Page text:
A Nini

Rua Dom Francisco Manuel de Melo 44A

Hours: Opens at noon. Closes at 3:15 pm Monday, Thursday.

Closes at 3:30 pm on Tuesday and Wednesday,

Closes at midnight on Friday.

Not open on weekends.

T 51 960 071 251

Restaurante A Nini – Home – Lisbon, Portugal – Menu, Prices, Restaurant Reviews | Facebook

Restaurant is only open for lunch usually, but they host a free fado night on Thursdays at 7 pm. 

You just pay for what you consume.

Museu do Fado

Largo do Chafariz de Dentro 1

Metro Station Santa Apolónia

Buses 728, 735, 759, 794

T: 351 218 823 470 info@museudofado.pt

Hours: Tuesday – Sunday 10 am – 6 pm

This small museum explains the history and evolution of fado.

They have lots of opportunities for you to listen to different singers, and purchase souvenirs in the gift shop.

Admission is five euros, discounted with the Lisboa Card.

Make sure to use the free audio headphones. For more information, read my article Lisbon’s Fado Museum – Everything you need to know

The fado truck

Like a food truck, in Chiado on Rua do Carmo, and sometimes in the Baixa neighborhood, you will find an old green van playing fado over a loudspeaker. 

The van sells fado records and CDs.

Also, check out the music store Discoteca Amália,

Rua do Ouro 272 in Chiado, near the Convento do Carmo.


The above link is an affiliate link. If you choose to purchase an experience there, I will receive a small commission. That does not affect the price you pay.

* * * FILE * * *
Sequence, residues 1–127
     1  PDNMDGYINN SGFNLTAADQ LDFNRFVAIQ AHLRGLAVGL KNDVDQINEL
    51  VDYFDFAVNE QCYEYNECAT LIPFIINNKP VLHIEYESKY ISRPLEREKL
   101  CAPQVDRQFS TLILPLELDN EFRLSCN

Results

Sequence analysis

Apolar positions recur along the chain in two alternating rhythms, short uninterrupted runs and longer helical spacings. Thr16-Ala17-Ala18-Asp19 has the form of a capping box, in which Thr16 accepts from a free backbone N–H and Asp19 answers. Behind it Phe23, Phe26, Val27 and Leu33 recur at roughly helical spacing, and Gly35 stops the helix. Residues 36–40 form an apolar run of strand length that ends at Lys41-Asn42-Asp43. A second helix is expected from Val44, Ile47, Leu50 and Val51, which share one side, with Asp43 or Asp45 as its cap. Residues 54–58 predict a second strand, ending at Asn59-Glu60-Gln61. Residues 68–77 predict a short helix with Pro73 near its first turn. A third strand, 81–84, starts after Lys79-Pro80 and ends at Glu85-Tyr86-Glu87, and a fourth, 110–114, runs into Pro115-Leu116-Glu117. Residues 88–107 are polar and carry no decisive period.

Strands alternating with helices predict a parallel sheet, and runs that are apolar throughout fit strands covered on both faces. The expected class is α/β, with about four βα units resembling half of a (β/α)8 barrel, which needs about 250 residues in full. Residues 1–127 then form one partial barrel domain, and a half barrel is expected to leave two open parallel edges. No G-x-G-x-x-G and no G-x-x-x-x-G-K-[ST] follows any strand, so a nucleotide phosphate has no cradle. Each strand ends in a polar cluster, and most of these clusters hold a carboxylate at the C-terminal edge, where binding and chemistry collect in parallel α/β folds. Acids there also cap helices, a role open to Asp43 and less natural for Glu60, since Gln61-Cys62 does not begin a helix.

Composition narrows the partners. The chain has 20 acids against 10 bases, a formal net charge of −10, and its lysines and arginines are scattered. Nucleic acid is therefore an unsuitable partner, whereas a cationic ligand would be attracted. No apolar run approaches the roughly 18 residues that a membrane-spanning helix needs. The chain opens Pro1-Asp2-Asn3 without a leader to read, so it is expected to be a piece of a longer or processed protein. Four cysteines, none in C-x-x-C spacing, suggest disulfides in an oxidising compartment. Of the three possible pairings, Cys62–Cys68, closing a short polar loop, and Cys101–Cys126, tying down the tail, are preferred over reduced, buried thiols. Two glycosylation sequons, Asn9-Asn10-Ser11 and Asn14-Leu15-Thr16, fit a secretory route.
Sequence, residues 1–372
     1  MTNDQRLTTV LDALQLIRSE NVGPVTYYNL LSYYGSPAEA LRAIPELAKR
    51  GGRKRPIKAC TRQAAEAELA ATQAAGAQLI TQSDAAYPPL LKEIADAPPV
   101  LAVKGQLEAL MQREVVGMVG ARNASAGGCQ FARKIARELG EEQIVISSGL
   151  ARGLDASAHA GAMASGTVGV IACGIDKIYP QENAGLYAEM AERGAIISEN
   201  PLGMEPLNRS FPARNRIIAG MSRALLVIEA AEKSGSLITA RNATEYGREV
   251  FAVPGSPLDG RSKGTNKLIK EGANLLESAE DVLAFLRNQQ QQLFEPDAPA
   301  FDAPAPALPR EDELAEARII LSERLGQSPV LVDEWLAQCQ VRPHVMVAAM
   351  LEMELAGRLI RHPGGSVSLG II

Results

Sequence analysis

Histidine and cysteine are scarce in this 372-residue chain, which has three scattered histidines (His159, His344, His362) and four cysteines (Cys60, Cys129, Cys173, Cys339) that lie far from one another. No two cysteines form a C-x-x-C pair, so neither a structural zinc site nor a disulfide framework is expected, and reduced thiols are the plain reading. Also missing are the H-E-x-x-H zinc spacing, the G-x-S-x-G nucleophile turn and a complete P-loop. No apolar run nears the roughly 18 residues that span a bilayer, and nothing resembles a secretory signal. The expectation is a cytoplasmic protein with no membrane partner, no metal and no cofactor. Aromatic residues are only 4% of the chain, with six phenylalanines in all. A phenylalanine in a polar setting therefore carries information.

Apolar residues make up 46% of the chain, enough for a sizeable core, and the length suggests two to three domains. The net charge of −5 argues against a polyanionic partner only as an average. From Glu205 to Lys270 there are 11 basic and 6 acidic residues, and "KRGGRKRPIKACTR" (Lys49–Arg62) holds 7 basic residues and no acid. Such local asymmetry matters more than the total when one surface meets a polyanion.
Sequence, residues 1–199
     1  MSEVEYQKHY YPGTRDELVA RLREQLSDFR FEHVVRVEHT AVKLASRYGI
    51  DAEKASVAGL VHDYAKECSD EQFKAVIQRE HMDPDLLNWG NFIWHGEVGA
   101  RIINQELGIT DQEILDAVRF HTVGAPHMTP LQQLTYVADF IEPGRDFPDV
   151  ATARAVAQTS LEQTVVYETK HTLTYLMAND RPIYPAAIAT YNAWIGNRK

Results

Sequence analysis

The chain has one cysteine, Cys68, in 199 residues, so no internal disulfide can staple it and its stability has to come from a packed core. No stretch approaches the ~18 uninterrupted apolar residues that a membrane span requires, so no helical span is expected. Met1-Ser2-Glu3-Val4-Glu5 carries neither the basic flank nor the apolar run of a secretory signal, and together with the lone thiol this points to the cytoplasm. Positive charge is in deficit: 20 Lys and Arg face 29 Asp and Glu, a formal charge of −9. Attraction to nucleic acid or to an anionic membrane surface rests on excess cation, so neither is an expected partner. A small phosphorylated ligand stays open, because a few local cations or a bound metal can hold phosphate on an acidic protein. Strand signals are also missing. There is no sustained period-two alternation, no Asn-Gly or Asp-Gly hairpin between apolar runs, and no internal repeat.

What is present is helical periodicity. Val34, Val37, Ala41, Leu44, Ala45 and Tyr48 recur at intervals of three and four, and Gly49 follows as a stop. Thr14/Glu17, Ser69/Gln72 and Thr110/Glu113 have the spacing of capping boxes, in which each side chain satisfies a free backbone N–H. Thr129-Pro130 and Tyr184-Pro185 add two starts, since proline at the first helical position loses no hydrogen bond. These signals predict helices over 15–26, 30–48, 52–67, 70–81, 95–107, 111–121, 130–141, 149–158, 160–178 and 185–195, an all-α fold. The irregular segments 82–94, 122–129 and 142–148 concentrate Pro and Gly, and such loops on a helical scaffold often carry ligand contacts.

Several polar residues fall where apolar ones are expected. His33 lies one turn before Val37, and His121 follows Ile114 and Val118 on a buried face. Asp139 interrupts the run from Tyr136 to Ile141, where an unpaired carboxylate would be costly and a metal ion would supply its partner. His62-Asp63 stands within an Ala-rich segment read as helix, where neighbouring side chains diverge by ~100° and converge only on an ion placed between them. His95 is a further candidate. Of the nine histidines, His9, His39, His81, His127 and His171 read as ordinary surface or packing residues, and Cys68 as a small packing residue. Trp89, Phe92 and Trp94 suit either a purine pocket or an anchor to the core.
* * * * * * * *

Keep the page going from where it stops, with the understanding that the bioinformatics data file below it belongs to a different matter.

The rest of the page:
Fado is a unique piece of Lisbon’s culture and history.

According to :::: Parreirinha de Alfama – Typical Restaurant – Where Fado is Tradition :::: ,

“Fado’s themes are the City and its daily life, Love, Destiny, and Longing.

The idea of Destiny as “a story that is told, sung, and felt” is fundamental to it.”

If you are looking for other ways to occupy yourself at night, see my articles A quick guide to wine bars, wine tours, and wine tastings in Lisbon

and Old and new friends on Lisbon’s Booze cruises and party boats or you could spend the

evening in a local’s kitchen learning how to prepare their favorite meal. Five food tours and cooking classes in Lisbon

For information on other live music venues in Lisbon, see my article Where to see live music in Lisbon I hope you enjoyed this article about Lisbon’s Fado tradition.